If you look at things and study them from many perspectives you'll find the truth about the war isn't simple and the Vietnam War was very complicated. You're also going to learn that the guys who were there, for the most part, were honorable people who were drafted or joined the military and then did their jobs honorably in some of the worst circumstances or even worse than people, myself included, can imagine. Even I can't imagine what they went through ... but I know how my dad is after doing two tours there. It's in his eyes.
If you study the history of our military in Vietnam you'll also learn that they never lost a major battle and the war was lost politically not militarily. You'll also learn that the seeds of the war began in the 1940s and wasn't the fault of 19-year-old boys who people spit on and called names upon returning home from their tours of duty.
If you want the total truth, you'll never find it, it doesn't exist ... the Vietnam War is still controversial 40 years after the U.S. started draw down it's troops there. The Vietnam War is a never ending story and you'll never get to the end of it and it will still be debated years from now.
I for one, am glad these films were preserved by the government and someone thought to put them on a four DVD set that can be found online for less than 10 bucks."
Great for collectors
G. Sapara | USA | 06/04/2009
(5 out of 5 stars)
"Unlike others who have interjected their personal political views about this set, based on their feelings about the war, I am restricting myself to commenting on quality and content.
Given that, this is a very good set. A series of DoD and DoA training films (whether you consider that "propaganda" or not is up to you). It gives a good snapshot of how the war was presented to those in the military during their training.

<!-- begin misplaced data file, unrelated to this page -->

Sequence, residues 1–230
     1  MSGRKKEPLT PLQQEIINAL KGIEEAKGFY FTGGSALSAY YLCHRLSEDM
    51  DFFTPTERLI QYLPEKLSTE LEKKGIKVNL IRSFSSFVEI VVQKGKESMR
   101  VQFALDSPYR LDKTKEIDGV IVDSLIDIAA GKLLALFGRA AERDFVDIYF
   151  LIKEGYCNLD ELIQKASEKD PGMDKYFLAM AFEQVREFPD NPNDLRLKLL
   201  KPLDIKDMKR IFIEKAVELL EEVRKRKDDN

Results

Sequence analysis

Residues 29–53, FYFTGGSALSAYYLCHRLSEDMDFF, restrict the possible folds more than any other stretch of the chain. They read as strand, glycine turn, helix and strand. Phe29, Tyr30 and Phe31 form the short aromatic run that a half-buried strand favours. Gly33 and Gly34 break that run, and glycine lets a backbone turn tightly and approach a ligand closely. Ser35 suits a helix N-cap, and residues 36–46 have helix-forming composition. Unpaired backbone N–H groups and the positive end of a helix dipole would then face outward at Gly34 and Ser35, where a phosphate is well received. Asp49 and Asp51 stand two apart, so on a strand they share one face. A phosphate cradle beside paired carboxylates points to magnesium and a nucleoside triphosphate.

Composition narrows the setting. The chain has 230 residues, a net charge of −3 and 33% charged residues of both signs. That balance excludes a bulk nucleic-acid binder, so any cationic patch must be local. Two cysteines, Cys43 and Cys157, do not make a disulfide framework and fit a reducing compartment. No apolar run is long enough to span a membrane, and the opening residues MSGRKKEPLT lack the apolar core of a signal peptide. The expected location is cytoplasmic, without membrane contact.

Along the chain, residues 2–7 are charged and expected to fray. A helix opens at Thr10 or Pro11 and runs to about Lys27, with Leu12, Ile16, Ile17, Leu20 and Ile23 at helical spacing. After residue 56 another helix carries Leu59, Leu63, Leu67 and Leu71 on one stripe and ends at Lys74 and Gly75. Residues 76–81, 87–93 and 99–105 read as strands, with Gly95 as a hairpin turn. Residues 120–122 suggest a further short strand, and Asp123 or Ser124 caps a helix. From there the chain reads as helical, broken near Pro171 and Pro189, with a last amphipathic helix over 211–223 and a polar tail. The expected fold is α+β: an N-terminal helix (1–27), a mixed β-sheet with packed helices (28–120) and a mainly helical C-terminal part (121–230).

It is also a good source for hobbyists as it shows uniforms, equipment, and terrain. That itself is worth the 5 stars."
The Selling of a War
Alejandra Vernon | Long Beach, California | 02/17/2010
(5 out of 5 stars)
"These documentaries are riveting viewing for 2 reasons: For the extent and level of propaganda put out by the government to sell this war to the American people, and for the other extreme, the brutal footage of the war itself, as in the "To Save a Soldier" segment on disc 4, which shows such incredible heroism among the enlisted men and women. Some are in b&w, some color, and most are in good condition despite their age. There are some clips you will see in more than 1 film, especially the one of Sgt. Bill Belch speaking Vietnamese as he shows villagers how to use a gun. Part spin, part deception, and part truth, this set is a treasure trove for anyone interested in Vietnam, where now the Ford Motor Co. has an assembly plant 35 miles from Hanoi (in a strange twist of fate, Robert McNamara was once a president of Ford).